Located in the heart of Germany, the Thuringian Forest is an idyllic region of lush green landscapes, charming villages and remarkable history.
Stretching some 120 kilometres from north-west to south-east, it is one of Central Europe's most attractive destinations for nature lovers, hikers and history buffs alike. The area is particularly famous for the Rennsteig, a historic ridgeway trail that runs through the magnificent forest landscape.
Majestic beech and spruce trees dominate the forest, while rare and protected fauna such as the Eurasian lynx and various bird species find sanctuary within its boundaries.
The forest is also home to several natural attractions, including the famous Dragon Gorge, a narrow gorge with impressive rock formations.
As well as its natural wonders, the Thuringian Forest has a rich cultural heritage.
The region has played a significant role in German history, being a major centre for art, literature and religious reformation.
By exploring the many picturesque villages dotted across the landscape, travellers can discover the lives and times of notable figures such as the poet Friedrich Schiller and the theologian Martin Luther.
The Thuringian Forest is also dotted with medieval castles and monasteries, a visual reminder of the region's turbulent past.
The low mountains of the Thuringian Forest stretch across the federal states of Thuringia, Hesse, and Bavaria.
The region covers an area of approximately 2,400 square kilometres. The landscape consists mainly of rolling hills, steep valleys and dense mixed forests. The highest peak, the Großer Beerberg, is 982 metres above sea level.
The region also boasts several ski resorts, offering winter sports enthusiasts a variety of downhill and cross-country skiing options.
The Thuringian Forest Nature Park (Naturpark Thüringer Wald) is a protected area that covers a significant portion of the Thuringian Forest.
The nature park spans approximately 2,082 square kilometres, extending from Hörschel in the northwest to Sonneberg and Neustadt bei Coburg in the southeast.
Martin Luther, the influential theologian and central figure of the Protestant Reformation, wasn't born in the forest region itself but some key events in his life took place in nearby cities and towns.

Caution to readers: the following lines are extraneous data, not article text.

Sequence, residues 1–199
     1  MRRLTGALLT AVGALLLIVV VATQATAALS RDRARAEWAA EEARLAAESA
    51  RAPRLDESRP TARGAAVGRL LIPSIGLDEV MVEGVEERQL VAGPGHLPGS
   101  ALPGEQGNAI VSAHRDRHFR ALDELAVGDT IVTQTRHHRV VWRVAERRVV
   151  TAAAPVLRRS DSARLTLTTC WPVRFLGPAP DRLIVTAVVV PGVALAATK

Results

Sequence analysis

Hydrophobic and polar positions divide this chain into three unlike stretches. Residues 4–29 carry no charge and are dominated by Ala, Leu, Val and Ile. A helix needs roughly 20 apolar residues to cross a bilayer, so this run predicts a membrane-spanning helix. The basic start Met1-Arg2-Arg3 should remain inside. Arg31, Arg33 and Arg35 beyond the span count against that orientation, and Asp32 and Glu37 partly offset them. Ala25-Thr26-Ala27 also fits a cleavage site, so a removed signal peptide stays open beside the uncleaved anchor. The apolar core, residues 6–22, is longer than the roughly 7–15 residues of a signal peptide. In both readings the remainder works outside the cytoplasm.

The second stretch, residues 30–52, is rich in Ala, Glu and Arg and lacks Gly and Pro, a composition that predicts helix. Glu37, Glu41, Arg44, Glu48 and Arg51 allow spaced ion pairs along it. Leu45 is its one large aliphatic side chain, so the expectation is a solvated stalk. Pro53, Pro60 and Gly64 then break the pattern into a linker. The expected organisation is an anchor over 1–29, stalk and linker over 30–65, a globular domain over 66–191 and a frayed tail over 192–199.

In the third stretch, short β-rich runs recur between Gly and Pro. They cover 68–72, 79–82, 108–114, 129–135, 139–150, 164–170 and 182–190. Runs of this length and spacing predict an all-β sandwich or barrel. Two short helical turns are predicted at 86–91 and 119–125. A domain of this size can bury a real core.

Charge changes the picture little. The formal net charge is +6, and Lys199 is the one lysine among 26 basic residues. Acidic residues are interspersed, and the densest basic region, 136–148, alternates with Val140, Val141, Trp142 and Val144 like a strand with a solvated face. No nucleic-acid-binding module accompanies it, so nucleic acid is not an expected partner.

Johann Sebastian Bach, a notable composer and musician of the Baroque period, was born in Eisenach, located in the Thuringian Forest region. Bach spent the first ten years of his life in Thuringia, with the region's culture and traditions significantly influencing his musical development.
This is reflected in his numerous compositions, which are considered some of the finest works of classical music. Several cities in Thuringia, including Arnstadt, Mühlhausen, and Weimar, were places where Bach lived and worked during various stages of his career.
Johann Wolfgang von Goethe, the famous German writer, poet, and philosopher, has notable connections to the Thuringian Forest region. While his main residence was in Weimar (close to the eastern border of the Thuringian Forest), he frequently visited and explored various locations within the forest during his lifetime.
The Thuringian Forest Nature Park covers a vast area of greenery, making it a popular destination for those who enjoy exploring the great outdoors. Visitors will find a multitude of attractions, such as the Wartburg Castle, numerous hiking routes, and a diverse array of flora and fauna.
The Rennsteig is the most well-known route for hiking and has become synonymous with the Thuringian Forest Nature Park. The trail stretches a total of approximately 170 kilometres and is the longest and most popular ridge walk in the region. Along the way, it passes near many historical and natural sites, including the famous Wartburg Castle near Eisenach.
Besides the Rennsteig, there are several other hiking trails in the Thuringian Forest Nature Park, allowing visitors to tailor their walks to their desired difficulty level and points of interest.
The Thuringian Forest Nature Park is a veritable sanctuary for a wide variety of plants and wildlife. The dense forests are predominantly made up of:
One of the unique aspects of this park is the presence of a UNESCO Biosphere Reserve, which serves to protect and conserve the rich biodiversity found within the park's boundaries.
Visitors can expect to come across numerous species of ferns, which thrive under the dense tree canopy. Additionally, the nature park is home to a variety of animal species such as deer, wild boars, and several bird species, all contributing to the diverse ecosystem of the Thuringian Forest Nature Park.
The Thuringian Forest offers a variety of winter activities for visitors to enjoy. One of the most popular destinations is Oberhof, a town known for its excellent skiing and snowboarding facilities.